Inverse - difficult to isolate!

Homework Statement

Hello! I am having troubles with a question I just got in my AP calc class. It is:

Let f(x) = x5 + 2x3 + x + 1

a) find f -1(3) and (f -1)'(3)

N/A

The Attempt at a Solution

Okay so my first idea was obviously to switch the x and y in f(x) giving me x = y5 + 2y3 + y + 1 however, it is clearly too difficult to isolate y in this equation.

So i was thinking, for f -1(3) , if I substitute 3 for y in the original equation, giving me 3 = x5 + 2x3 + x + 1 and solve for the zeroes, will that give me my answer to f -1(3) ? And then for (f -1)'(3), i would set the derivative of f(x) to 3, and solve for the zeroes, which would look like 3 = 5x4 + 6x2 + 1

Would doing these things with f(x) effectively give me the answers to these two inverse problems?

Any help would be appreciated :)

Related Calculus and Beyond Homework Help News on Phys.org
LCKurtz
Homework Helper
Gold Member
I think this problem must have a typo in it. If you could find the x where f(x) = 3, yes, that would give you f-1(3). But I don't think you can do that in any elementary way. There is a long way to solve cubics, but I doubt you have seen that. That's why I think there is a typo if this came up in an AP calculus class.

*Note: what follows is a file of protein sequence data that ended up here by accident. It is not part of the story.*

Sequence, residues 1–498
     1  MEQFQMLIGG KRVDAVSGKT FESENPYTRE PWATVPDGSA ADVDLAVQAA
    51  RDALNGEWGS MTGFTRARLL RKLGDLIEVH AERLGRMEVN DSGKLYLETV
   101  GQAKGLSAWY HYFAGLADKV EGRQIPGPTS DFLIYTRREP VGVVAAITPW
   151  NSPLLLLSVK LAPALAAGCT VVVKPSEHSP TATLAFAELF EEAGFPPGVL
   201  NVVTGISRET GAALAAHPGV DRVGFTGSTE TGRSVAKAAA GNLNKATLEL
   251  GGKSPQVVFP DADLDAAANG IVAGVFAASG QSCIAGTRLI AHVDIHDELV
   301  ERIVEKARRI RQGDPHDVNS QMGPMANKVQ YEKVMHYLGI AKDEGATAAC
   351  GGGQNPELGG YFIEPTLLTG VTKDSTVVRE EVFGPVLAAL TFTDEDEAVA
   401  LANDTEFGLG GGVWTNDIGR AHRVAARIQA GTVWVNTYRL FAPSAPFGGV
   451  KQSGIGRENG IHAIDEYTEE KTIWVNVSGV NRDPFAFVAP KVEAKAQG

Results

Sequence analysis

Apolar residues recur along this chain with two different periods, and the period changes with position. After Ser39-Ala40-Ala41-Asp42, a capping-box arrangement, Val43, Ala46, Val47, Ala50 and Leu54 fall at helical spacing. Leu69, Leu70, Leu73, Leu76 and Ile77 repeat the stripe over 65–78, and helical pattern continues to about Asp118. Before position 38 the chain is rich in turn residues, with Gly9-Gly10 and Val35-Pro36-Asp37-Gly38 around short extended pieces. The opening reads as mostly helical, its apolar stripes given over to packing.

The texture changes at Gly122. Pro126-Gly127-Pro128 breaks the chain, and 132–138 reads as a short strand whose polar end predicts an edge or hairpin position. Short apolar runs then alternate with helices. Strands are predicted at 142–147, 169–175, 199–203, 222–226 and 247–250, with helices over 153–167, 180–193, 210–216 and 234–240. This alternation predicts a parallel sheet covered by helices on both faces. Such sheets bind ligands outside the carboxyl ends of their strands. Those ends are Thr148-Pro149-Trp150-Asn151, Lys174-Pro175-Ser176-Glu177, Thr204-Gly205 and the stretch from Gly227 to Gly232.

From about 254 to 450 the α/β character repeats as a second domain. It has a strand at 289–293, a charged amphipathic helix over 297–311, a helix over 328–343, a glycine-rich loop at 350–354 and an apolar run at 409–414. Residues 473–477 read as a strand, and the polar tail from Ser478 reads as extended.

As for the derivative of the inverse at 3, you probably would use dy/dx = 1 / (dx/dy) if you knew f-1(3).

Ask your teacher whether the problem is stated as he meant it to be.

Yeah it could very well be a typo! But he told us that we could use our calculators to find the zeroes of any equations that we encounter... so If i use my calculator, would the zeroes I find be the correct answers?

LCKurtz
Homework Helper
Gold Member
Yeah it could very well be a typo! But he told us that we could use our calculators to find the zeroes of any equations that we encounter... so If i use my calculator, would the zeroes I find be the correct answers?
Ahhh, well that is a horse of a different color. I think you will find if you graph that function that it is increasing and only has one value for x where f(x) = 3, which you can solve approximately numerically. Then use the equation

dx/dy = 1 / (dy/dx) which is easy to calculate once you have the x.

dx/dy = 1 / (dy/dx) which is easy to calculate once you have the x.
In what cases does that equality hold true?

LCKurtz
Homework Helper
Gold Member
In what cases does that equality hold true?
Certainly for strictly increasing differentiable functions.

LCKurtz